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Stage 7 till the ‘not too distant future’? Three things you need to know

Stage 7 till the ‘not too distant future’? Three things you need to know
A street vendor pushes carts of goods along an unlit road in Johannesburg during a rolling blackout on 13 February 2023. (Photo: Leon Sadiki / Bloomberg via Getty Images)

It's been Stage 6 all the way since Tuesday – now we’re heading to Stage 7. Here are three things you need to know this week.

1. We’re heading to Stage 7

This Eskom report from 12 September shows that load shedding exceeded 6,362MW, which suggests we are heading to Stage 7 power cuts.

Eskom tweet about load shedding

Eskom’s spin doctors are likely to deny this because the load that is shed is a mix of rotational power cuts and ‘load containment’, where big users are instructed to cut for longer periods. But we can feel the intensity. Tori O’Regan explains what that could mean.

Stage 7 means that up to 7,000MW needs to be cut from the grid. Consumers can expect to be shed up to 12 times over four days: three times for two hours and nine times for four hours.
The national energy availability factor (EAF) is now at 52% for the year – far below the 75% Eskom pencilled in for the final quarter of 2023. Cabinet issued the lamest statement I’ve yet seen on the latest painful power cuts. “Cabinet was assured that the current implementation of increased stages of load shedding is a short-term phase as Eskom prepares for sustained and lessened stages of load shedding in the not-so-distant future.” Spoken by people with generators we pay for and who do not feel the pain of power cuts.

Read the full statement by the Ministry in the Presidency.

2. Discovery launches green energy trader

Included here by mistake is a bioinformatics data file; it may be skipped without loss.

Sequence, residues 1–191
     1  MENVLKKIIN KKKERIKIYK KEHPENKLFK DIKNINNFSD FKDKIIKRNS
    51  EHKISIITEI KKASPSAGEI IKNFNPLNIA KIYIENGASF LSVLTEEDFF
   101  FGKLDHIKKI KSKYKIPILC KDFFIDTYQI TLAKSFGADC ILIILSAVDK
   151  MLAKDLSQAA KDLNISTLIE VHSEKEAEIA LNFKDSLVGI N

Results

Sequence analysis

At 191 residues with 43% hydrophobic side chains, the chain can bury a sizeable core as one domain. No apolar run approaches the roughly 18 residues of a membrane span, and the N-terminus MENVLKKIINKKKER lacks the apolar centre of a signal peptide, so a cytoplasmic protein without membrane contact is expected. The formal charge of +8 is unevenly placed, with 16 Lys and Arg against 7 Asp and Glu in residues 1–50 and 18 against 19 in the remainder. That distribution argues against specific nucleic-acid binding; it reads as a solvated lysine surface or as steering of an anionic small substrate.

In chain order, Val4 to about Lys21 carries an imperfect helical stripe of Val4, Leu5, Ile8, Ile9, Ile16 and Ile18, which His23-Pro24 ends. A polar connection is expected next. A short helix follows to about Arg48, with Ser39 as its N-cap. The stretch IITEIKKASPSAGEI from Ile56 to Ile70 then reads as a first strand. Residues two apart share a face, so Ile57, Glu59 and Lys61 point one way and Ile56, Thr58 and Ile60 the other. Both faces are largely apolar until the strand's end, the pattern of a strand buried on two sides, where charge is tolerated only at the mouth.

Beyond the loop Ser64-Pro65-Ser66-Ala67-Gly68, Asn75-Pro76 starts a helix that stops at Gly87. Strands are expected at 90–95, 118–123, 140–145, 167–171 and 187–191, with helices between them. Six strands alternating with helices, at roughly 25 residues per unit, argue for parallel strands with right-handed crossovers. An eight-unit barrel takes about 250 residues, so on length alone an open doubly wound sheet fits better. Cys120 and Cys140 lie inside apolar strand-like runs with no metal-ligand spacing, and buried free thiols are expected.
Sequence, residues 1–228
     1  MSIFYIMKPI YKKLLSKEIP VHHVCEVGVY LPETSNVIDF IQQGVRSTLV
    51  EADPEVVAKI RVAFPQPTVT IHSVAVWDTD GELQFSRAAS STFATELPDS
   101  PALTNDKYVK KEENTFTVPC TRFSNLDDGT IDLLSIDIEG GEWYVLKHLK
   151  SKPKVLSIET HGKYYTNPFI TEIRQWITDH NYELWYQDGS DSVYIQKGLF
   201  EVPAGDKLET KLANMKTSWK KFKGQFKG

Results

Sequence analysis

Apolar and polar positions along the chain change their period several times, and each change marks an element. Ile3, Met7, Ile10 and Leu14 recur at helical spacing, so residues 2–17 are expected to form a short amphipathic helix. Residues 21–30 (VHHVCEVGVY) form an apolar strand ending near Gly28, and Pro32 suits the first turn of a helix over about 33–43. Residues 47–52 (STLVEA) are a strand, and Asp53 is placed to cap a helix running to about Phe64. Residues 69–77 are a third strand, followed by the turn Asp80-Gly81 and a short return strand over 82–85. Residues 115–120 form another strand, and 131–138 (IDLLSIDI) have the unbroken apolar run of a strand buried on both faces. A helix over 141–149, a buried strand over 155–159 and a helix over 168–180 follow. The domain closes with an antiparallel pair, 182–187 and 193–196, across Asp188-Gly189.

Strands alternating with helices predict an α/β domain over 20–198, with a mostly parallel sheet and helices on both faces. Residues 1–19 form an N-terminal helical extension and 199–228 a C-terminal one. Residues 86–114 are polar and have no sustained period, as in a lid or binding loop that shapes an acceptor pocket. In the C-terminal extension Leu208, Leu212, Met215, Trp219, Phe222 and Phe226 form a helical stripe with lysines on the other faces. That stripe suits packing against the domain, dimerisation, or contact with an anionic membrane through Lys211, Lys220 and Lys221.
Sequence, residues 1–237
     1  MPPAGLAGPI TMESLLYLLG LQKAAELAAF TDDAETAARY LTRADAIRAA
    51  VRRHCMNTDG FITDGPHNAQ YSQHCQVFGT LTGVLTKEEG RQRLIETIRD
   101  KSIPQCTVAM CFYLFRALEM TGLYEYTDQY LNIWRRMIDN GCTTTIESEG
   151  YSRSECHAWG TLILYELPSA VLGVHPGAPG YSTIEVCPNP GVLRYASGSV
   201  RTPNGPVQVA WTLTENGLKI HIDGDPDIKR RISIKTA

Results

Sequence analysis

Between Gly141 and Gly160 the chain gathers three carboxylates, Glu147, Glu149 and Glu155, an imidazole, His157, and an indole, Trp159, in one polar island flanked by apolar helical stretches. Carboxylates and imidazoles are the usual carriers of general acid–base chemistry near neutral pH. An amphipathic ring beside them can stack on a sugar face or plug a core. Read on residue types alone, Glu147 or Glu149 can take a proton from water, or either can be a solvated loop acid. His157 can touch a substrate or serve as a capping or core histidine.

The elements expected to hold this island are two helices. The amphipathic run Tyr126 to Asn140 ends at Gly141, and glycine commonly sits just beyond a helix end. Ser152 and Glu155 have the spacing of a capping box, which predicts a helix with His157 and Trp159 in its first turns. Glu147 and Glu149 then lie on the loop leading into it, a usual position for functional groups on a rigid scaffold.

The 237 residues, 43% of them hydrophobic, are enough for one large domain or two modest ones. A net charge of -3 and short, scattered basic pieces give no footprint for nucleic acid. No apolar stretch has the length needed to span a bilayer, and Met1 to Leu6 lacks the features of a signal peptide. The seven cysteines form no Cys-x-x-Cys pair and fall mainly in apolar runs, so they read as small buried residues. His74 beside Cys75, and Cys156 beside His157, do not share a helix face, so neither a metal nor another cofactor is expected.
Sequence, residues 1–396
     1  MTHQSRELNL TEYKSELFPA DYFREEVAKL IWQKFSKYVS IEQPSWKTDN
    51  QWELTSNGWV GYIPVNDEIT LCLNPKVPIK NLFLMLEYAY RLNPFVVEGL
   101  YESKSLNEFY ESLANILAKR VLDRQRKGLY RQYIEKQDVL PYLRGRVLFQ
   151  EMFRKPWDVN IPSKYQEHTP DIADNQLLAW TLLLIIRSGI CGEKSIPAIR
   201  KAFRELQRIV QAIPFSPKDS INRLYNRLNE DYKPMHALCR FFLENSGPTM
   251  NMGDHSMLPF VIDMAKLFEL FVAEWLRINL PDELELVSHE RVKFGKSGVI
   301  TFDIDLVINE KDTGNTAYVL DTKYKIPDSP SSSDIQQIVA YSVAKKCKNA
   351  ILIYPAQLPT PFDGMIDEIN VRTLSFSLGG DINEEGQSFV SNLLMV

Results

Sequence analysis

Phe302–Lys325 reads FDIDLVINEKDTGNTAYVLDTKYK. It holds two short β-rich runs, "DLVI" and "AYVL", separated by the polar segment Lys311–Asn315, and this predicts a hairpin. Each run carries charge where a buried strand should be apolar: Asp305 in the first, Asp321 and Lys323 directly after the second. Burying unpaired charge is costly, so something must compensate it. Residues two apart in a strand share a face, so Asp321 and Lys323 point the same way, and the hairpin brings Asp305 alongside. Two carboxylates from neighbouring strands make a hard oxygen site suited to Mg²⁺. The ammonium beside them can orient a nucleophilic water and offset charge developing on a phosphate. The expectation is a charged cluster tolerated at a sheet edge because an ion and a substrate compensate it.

Discovery has launched a green energy trading company to help businesses buckling under power cuts. It is designed to create a new energy trading market to help companies bring down their carbon footprints while ensuring steady supply.

Most recent major results show that intense power cuts are costing billions and being passed on to consumers. Reader Dave Martin says that from early releases, Discovery is claiming it can supply 100% clean energy for the same price as Eskom does. This would be huge. Dave asks important questions about battery size and storage capabilities. I will try for an interview with Discovery about its plans.

3. Electricity minister promises a Kusile fix by end of the year

Onke Ngcuka went to Kusile on Monday. If this albatross of a power station around the neck of energy supply can be fixed as promised, it does offer a better outlook. Chris Yelland reminded the Daily Investor that Kusile has cost us R233-billion over 15 years and is contributing zero watts to the grid. And nobody’s gone to jail for it yet.

Neesa Moodley had better news on the investment front. Private equity firms are lining up to support energy investments, mostly in post-fossil fuel companies.

There’s a R1-trillion opportunity for banks in helping people and businesses access the power of the sun, Neesa also reported. South Africa is tallying up the potential power of micro-grids and small-scale embedded generation. DM

Read more: Kusile Power Station units to come online by end of the year, says Ramokgopa

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Comments - Please in order to comment.

  • Peter Holmes says:

    Of these three “things”, one and two are fact. Number three is a promise/assertion by an ANC politician so is actually irrelevant in terms of any strategic move to deal with the current electricity supply situation, which is only going to worsen.

  • hilton smith says:

    The private sector and individuals have imported a power stations worth of solar panels in the last few months. So what stage would we be in if our private sector wasn’t spending billions of their own money to minimize their reliance on Eskom.

    • Roy Haines says:

      I shudder to think!

    • Con Tester says: